Obama's Myanmar policy offers hope
On Nov 8, the White House confirmed that President Barack H Obama is visiting Myanmar as part of a three-nation trip to Southeast Asia from this Saturday until next Tuesday. The visit becomes the first ever by a sitting US president.
The trip will be Mr Obama's first international trip since his re-election on Nov 6 for a second term in office. The president will be joined by Secretary of State Hillary Rodham Clinton who visited the country last year.
This could be Mrs Clinton's final visit to Myanmar as Secretary of State if she decides to leave the State Department. On Jan 26, she told members of the State Department that she would quit her job if Mr Obama won his re-election bid.
During his stay, Mr Obama is scheduled to meet President Thein Sein and Aung San Suu Kyi, leader of the opposition and chairperson of the National League for Democracy (NLD). Mr Obama will also meet representatives of civil society organisations.
The easing of sanctions, the appointment of Ambassador Derek J Mitchell, and the visit of Mr Obama are a testament to America's commitment toward Myanmar and its people.
The pace of US-Myanmar bilateral relations' improvement has surprised many observers and analysts alike. While many welcome the Mr Obama's visit, there are others who criticise the timing of such high-level visit.
There are valid points to both arguments. On a positive note, the visit shows the US's continued support for human rights and democratic reforms. The visit could also boost the initiatives of President Thein Sein in the midst of some military hardliners who are critical of the democratic reform process.
The visit could also provide incentives for both Rakhine state and central governments to help end the conflict in Rakhine. Mr Obama could use the visit to urge both the government and the opposition to work concertedly for a solution. The visit could also be a morale boost for democracy advocates and other civil society groups to strengthen their activities.
On the other hand, armed conflict is unabated in Kachin state and there are thousands of refugees and internally displaced persons. The number varies from source to source, but there are still political prisoners across the country. As of Oct 31, 2012, there were 283 political prisoners according to the Thailand-based Assistance Association for Political Prisoners.
Some are concerned that Mr Obama's visit will overshadow the ongoing conflicts and that the US leverage to influence the Myanmar government for further democratic reforms might be weakened.
While the Obama administration should be given credit for pursuing the dual-track policy that opened the door for diplomacy, one must also acknowledge the contribution of the Republican administration under President George W Bush. Among others, the Bush administration successfully placed Myanmar in the formal agenda of the United Nations Security Council on Sept 15, 2006.
Recent political developments have shown that Myanmar has embarked on a new phase of politics. However, one should not be overoptimistic about its future prospects. Challenges and uncertainties remain _ uncertainties over free and fair elections and issues pertaining to autonomy.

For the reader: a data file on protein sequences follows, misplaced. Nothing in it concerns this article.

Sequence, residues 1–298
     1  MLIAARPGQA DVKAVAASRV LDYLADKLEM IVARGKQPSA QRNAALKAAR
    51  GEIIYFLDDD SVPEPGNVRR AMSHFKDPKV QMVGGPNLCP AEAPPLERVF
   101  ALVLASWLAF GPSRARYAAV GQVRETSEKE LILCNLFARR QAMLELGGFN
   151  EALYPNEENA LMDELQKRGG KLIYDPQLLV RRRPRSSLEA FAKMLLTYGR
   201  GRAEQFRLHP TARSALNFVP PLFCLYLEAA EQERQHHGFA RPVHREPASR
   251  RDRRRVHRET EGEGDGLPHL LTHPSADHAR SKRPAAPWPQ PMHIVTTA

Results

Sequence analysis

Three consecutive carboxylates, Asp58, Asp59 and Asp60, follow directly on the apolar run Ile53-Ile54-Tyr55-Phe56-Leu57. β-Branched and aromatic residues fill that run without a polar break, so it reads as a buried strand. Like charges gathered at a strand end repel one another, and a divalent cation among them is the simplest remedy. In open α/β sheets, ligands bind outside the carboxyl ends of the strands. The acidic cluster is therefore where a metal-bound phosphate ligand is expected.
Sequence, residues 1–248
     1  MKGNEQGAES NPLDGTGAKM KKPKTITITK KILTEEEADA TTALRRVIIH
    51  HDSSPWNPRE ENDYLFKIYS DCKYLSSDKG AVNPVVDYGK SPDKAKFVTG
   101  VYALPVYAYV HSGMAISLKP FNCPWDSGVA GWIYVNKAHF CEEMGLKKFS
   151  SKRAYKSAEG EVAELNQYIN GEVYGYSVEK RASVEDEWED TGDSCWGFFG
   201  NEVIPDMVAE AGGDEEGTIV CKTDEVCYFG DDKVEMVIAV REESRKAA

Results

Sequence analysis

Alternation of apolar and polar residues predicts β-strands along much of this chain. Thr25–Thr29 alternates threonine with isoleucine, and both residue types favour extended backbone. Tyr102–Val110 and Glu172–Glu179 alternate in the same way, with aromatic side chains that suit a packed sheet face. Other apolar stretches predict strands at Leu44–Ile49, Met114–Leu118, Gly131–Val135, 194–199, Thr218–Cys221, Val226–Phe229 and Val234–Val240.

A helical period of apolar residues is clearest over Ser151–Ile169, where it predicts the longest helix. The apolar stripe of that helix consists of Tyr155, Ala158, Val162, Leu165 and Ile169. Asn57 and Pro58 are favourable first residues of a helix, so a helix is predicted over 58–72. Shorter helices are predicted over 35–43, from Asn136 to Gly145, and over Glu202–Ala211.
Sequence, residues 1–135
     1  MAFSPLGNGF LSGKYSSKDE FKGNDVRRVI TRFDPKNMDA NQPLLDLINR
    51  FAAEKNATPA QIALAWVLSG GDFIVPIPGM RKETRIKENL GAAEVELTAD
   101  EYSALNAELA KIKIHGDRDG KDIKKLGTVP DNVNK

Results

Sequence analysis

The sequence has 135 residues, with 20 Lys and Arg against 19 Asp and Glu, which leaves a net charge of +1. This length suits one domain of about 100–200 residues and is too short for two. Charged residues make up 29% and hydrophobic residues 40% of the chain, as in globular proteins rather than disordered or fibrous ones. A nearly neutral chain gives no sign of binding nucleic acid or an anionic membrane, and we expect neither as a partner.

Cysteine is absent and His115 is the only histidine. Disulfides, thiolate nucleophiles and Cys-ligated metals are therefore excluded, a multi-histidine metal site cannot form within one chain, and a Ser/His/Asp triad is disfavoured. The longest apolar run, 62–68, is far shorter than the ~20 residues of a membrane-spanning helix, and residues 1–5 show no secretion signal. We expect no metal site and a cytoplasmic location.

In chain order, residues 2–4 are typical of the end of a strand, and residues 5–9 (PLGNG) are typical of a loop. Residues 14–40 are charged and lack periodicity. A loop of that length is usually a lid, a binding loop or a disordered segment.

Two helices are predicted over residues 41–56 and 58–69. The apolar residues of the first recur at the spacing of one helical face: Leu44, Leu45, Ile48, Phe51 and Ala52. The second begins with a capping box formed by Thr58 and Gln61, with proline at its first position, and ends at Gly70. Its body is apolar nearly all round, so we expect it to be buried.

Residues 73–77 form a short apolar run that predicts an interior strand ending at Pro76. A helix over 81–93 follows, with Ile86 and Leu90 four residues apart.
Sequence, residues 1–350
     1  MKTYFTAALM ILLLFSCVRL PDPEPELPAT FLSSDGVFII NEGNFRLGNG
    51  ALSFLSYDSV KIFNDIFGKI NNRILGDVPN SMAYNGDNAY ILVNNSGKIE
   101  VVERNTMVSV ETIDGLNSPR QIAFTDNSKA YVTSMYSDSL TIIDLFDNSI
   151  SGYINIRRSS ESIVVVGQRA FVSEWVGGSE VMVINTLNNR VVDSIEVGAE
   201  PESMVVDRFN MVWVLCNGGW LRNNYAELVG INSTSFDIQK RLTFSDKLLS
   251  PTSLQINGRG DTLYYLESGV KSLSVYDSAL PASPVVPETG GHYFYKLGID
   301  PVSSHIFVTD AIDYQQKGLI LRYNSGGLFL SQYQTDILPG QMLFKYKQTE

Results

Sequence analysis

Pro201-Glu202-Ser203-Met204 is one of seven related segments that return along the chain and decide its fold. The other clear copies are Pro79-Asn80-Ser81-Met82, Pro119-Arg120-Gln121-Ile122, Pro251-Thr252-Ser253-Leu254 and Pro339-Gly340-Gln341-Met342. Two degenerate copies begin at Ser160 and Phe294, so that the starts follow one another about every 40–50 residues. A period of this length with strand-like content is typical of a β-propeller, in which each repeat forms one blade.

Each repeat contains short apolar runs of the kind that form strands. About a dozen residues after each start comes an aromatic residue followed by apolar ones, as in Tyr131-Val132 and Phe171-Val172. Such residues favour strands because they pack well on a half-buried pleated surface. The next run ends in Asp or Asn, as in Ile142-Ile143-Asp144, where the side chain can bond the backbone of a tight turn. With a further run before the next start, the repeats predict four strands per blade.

After its independence from the British on Jan 4, 1948, Myanmar had a parliamentary democracy until a military coup in 1962. The central government was fragile due to insurgency problems. The ethnic minority groups demanded secession from the Union when the Panglong agreement on autonomy was not upheld.
Although ethnic minorities have dropped their original demand for secession, the demand for autonomy remains intact. The present government of the Union Solidarity and Development Party has reached ceasefire agreements with the majority of the armed groups, but there is no guarantee of an amicable political settlement.
Moreover, there is no guarantee that the present quasi-civilian government will amend the 2008 constitution to remove the inherent role of the military in politics. There is uncertainty whether the 2015 election will be free and fair. There is also no guarantee that the constitution that guarantees 25% of parliament seats to the military will be amended.
Under such circumstances, it is uncertain whether the judiciary branch can function independently. There is also uncertainty if the former and present military leaders would allow an impartial inquiry into human rights abuses and any possible criminal acts of the past military regime.
Despite the lingering uncertainties, there is room for national reconciliation if the central government led by ethnic Myanmar and ethnic minorities cooperate. In order for mutual trust to develop, minority problems need to be resolved. President Obama should emphasise the urgency for such a solution. The US must understand that minority problems outweigh differences between the NLD and the military.
There is every reason to be optimistic about the political changes in Myanmar. However, given the nature of Myanmar's historical problems, there are also reasons to be critical about long-term solutions.
Nehginpao Kipgen is general-secretary of the US-based Kuki International Forum. His research focuses on the politics of South and Southeast Asia, with a concentration on Myanmar.